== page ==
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an average cost of eight-tenths of a penny per mile, the average fare for all classes of passengers not exceeding one penny farthing per mile. The safety with which this immense traffic was conducted is not the least remarkable feature of the system; for it appears, from Captain Galton's report to the Board of Trade, that the proportion of accidents to passengers, from causes beyond their own control, was only 1 person killed to 16,168,449 conveyed.” Those who desire statistical evidence as to the extent to which this new means of communication is employed for the conveyance of manufactures, minerals, and agricultural produce, will find abundant proofs in the same report. In Canada and the United States, the railroad is of greater value even than in England; it is there regarded as the pioneer of colonisation, and as instrumental in opening up new and fertile territories of vast extent — the foodgrounds of future nations. What may be the eventual results of the general adoption of railways in the civilised countries of Europe, remains to be seen; but it is probable that, by abridging distance, bringing nations into closer communication, and enabling them more freely to exchange the products of their industry, they may tend to abate national antipathies and bind together more closely the great families of mankind. Disastrous though railway enterprises and speculations

have proved to many concerned in them, and mixed up though they have been with much fraud and folly, the debt which the public at large owe to railways cannot be disputed; and after all temporary faults and blots have been admitted and disposed of, they must, nevertheless, be recognised as the most magnificent system of public intercommunication that has yet been given to the world. What manner of men were they by whom this great work was accomplished? How did the conception first dawn upon their minds? By what means did railways grow and quicken into such vigorous life? By what moral and material agencies did the inventors and founders of the system work out the ideas whose results have been so prodigious? These questions the Author has endeavoured to answer in the following Biography of George Stephenson, to whose labours the world is mainly indebted for the locomotive railway system. Indeed, he has been so closely identified with its origin, progress, and eventual establishment on a sound practical basis, that his life may be said to include the history of Railway Locomotion almost down to the present time. Independently, however, of these considerations, the life of George Stephenson will be found to furnish subject of interest as well as instruction. Strongly self-reliant, diligent in self-culture, and of indomitable perseverance, the characters of such men—happily numerous in England — are almost equivalent to institutions. And if the Author have succeeded in delineating, however imperfectly, the life and character of George Stephenson, the perusal of this book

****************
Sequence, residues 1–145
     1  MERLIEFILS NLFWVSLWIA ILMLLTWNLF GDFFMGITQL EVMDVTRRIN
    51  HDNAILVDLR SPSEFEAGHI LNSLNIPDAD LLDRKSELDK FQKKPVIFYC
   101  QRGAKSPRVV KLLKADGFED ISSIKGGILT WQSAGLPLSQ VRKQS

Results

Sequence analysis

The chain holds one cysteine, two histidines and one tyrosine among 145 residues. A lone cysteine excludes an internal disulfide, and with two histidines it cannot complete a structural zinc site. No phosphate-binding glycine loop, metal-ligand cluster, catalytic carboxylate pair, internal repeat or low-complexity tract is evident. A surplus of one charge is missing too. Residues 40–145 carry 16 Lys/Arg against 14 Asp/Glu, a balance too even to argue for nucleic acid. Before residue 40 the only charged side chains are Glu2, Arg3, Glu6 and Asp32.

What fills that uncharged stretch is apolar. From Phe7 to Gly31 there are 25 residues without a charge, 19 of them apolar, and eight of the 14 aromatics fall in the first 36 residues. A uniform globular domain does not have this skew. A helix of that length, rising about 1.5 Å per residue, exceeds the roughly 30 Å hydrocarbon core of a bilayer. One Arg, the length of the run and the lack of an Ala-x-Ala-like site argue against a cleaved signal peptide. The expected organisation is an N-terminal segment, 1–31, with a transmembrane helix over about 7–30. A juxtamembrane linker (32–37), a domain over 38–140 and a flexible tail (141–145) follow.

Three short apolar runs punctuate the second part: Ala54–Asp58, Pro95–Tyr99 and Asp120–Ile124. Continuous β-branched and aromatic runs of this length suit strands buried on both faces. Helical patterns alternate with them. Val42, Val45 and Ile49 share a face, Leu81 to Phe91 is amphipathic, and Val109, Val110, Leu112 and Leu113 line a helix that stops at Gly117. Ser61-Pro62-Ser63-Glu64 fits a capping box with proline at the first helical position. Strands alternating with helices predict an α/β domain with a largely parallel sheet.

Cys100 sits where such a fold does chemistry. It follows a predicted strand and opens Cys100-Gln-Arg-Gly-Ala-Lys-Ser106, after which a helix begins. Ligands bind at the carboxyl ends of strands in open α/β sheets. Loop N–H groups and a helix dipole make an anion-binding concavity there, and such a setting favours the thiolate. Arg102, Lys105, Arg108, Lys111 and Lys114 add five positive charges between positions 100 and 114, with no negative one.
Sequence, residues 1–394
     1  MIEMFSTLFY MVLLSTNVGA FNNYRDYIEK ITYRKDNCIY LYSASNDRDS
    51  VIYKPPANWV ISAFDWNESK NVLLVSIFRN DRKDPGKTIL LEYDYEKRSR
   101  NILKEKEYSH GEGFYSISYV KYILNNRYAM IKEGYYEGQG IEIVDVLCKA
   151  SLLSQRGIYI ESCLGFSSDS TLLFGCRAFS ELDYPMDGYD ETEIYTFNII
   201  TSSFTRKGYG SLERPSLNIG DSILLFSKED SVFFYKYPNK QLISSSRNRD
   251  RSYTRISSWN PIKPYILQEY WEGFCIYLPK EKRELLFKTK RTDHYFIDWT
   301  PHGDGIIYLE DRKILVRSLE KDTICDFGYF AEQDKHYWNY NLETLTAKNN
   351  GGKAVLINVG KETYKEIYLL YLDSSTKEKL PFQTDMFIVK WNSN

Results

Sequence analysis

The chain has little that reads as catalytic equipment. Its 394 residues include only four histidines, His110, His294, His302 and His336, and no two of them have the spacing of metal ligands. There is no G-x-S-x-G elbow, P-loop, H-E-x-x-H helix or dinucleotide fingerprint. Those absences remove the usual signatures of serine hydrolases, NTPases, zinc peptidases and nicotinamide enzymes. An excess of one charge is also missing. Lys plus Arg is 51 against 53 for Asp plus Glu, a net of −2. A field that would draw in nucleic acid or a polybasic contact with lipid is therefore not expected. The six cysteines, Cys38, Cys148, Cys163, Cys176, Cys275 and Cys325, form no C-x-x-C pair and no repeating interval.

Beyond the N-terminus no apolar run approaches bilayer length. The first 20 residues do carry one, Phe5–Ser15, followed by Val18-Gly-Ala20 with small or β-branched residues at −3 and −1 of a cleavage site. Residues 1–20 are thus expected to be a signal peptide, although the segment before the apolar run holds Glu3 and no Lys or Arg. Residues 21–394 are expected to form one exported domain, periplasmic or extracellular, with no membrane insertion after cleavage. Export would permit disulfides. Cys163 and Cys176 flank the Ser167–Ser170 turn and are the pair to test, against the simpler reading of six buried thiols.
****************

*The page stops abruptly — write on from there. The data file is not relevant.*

* Captain Galton's Report to the Committee of Council for Trade, &c., 21st July, 1857.

may not be without some salutary influence.


The Author's acknowledgments are due to the following gentlemen, amongst others, for much valuable information as to the successive improvements effected by Mr. Stephenson in the locomotive engine, and also with reference to the various railways at home and abroad, with which he was professionally connected:— Mr. Robert Stephenson, M. P.: Mr. Edward Pease, of Darlington; Mr. John Dixon, C. E.; Mr. John Bourne, C.E.; Mr. Thomas Sopwith, C.E.; Sir Joshua Walmsley; Mr. Jonathan Foster, of Wylam; Mr. Charles Parker; Mr. William Kell, and Mr. Clephan, of Gateshead.

Many interesting facts, relating to Mr. Stephenson's early career, have been obtained from William Coe and other humble persons, who were only too proud to have the opportunity of communicating what they remembered of their distinguished fellow-workman.

The Author is also under obligations to Mr. F. Swanwick, C.E., Mr. C. Binns, of Clay Cross, and Mr. Vaughan, of Snibston, for various particulars illustrative of Mr. Stephenson's private life and habits while residing at Liverpool, Alton Grange, and Tapton House, and which supply an admitted defect in the earlier editions of this biography.

The Portrait prefixed to this volume is copied, by their special permission, from a very beautiful engraving of Lucas's whole-length portrait, published by Messrs. Henry Graves and Co., Pall Mall.

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